"And I guess I'll go hide, too," said Squinty, for he, also, had run away, but not from a circus. He had run away from his pen at the farm—the farm where Don, the dog, lived.

So Mappo hurried off to climb a tall tree. As Tum Tum went along through the bushes, he saw his little monkey friend.

"Ha! There is Mappo!" said Tum Tum to himself, and he hurried on through the woods.

"Wait a minute, Mappo!" called Tum Tum, in animal language.

But Mappo would not wait, and Tum Tum could not tell the circus men with him that the lost monkey was just ahead of them. Tum Tum could not speak man talk, you know, and the circus men had not yet seen Mappo. So the little monkey got away.

Tum Tum saw a little animal with Mappo, and the elephant said to himself:

"Ha! That must be Squinty, the comical pig, of whom Don, the dog, told me. I would like to meet Squinty, but I don't see how I can. He can run through these woods faster than I can. Well, maybe I will see him some day. And I do hope Mappo comes back to the circus. It will be lonesome without him."

But Mappo had many adventures before he came back to the circus.

"Well, I guess it's no use hunting for him any more," said one of the circus men. "That monkey has gotten far away. We had better go back to the tents."

"Yes, I think we had," said the man who was riding on the back of Tum Tum.

The elephant knew that Mappo was not so very far off, but Tum Tum had no way of telling his keeper about it.

Back to the circus went Tum Tum, and another monkey had to do the tricks that Mappo used to do in the performances that day.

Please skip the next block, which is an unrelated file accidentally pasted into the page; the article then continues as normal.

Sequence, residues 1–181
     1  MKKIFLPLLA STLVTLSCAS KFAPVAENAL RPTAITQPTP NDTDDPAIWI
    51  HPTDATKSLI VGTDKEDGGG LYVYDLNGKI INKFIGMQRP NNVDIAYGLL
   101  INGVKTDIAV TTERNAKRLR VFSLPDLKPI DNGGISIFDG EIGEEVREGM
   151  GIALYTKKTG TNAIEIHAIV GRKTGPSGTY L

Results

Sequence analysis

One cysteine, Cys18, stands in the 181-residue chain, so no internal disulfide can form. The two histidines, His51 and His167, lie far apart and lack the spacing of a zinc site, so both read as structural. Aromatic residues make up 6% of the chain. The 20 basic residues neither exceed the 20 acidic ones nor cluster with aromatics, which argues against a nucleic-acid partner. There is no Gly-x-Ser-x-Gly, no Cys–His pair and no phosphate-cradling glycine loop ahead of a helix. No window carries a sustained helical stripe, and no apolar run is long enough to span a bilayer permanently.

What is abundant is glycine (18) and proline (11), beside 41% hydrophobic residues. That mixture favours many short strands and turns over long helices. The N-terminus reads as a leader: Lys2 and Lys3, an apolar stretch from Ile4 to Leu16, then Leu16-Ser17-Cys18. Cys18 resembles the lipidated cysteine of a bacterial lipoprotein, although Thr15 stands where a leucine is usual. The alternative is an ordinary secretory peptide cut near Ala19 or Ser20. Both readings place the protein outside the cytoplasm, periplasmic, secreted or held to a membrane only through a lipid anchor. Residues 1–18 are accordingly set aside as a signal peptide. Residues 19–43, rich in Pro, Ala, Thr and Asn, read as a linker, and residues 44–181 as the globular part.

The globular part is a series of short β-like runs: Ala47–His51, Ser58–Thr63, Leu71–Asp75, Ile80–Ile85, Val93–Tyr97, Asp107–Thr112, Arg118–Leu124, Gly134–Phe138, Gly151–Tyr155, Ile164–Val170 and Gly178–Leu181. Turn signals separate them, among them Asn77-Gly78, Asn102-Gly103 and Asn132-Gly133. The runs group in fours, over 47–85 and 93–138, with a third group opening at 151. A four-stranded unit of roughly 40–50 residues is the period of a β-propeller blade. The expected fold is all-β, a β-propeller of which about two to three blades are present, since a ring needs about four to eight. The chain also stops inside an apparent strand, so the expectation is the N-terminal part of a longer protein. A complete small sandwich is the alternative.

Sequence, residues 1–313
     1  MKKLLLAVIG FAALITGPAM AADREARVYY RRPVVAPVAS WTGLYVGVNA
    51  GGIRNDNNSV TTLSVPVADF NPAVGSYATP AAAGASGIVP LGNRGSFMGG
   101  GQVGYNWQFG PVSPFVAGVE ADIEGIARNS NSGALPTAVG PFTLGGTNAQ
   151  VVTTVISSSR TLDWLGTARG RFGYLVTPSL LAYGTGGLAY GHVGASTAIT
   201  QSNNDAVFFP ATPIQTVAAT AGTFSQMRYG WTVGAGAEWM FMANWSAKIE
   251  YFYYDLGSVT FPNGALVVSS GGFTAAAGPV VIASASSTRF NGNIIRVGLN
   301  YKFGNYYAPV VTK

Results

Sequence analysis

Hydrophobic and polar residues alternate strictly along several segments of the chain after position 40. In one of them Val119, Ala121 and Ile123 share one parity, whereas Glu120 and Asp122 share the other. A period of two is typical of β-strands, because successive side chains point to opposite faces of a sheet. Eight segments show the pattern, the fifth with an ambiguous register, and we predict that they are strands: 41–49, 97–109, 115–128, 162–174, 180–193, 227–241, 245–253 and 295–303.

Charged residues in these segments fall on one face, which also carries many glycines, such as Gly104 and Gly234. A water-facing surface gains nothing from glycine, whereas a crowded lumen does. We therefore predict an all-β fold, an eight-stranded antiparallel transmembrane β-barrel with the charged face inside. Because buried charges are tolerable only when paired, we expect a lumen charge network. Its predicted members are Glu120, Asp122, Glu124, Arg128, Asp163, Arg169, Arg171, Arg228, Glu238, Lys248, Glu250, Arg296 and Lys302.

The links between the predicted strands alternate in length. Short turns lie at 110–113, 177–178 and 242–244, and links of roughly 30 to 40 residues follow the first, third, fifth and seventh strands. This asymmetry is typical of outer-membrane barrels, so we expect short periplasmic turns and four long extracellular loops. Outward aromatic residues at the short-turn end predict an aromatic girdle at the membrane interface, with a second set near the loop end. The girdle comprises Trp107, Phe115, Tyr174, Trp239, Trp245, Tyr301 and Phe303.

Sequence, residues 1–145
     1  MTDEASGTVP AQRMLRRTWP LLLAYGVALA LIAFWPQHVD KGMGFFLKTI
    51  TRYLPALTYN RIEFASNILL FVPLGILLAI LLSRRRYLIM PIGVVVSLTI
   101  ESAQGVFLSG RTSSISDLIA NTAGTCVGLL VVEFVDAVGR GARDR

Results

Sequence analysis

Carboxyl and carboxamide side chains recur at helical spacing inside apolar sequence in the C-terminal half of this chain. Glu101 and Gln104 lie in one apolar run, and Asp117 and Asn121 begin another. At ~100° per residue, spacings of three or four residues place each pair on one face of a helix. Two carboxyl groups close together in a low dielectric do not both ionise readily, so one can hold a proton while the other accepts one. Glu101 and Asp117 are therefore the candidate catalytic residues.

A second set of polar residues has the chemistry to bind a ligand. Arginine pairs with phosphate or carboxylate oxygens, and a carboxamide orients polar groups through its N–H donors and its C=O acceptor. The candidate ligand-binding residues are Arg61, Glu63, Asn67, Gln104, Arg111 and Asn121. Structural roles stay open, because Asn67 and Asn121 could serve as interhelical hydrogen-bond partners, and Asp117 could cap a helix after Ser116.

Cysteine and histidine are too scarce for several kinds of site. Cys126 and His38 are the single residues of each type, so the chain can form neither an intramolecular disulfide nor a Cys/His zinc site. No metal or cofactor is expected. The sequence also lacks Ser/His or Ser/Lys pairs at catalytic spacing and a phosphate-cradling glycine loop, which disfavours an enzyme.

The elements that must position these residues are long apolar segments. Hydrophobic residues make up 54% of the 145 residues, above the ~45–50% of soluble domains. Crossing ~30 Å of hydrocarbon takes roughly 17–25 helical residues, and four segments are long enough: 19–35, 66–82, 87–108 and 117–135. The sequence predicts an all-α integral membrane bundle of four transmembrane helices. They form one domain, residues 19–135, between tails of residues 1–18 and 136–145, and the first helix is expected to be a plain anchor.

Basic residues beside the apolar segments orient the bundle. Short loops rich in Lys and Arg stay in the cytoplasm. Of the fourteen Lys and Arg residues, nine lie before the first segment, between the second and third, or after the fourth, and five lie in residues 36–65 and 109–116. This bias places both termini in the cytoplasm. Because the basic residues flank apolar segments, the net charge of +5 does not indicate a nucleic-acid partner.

"What happened?" asked Sharp Tooth, the tiger, of Tum Tum, as the elephant went past the cage of the striped beast. "Where did you go a little while ago?"

"Out looking for Mappo, the monkey," answered Tum Tum.

"Did he run away?" asked the tiger.

"Yes, I guess he was afraid you would bite him."

"And so I would, if I could get him," snarled the tiger. "He is to blame for me being shut up in this cage."

Tum Tum said nothing, for he did not want to get in a quarrel with the tiger.

Day after day went past in the circus, and still Mappo did not come back. Sometimes Tum Tum was lonesome for his little monkey friend, but there was so much to do, that no one in a circus could be lonesome for very long at a time.

Tum Tum was learning some new tricks, and this took up much of his time. Each day he was growing bigger and stronger, for he was not a very old elephant, when he had been caught in the jungle. Now he was very strong, and he could easily have pushed two heavy animal cages at once. He was the strongest elephant in the whole circus.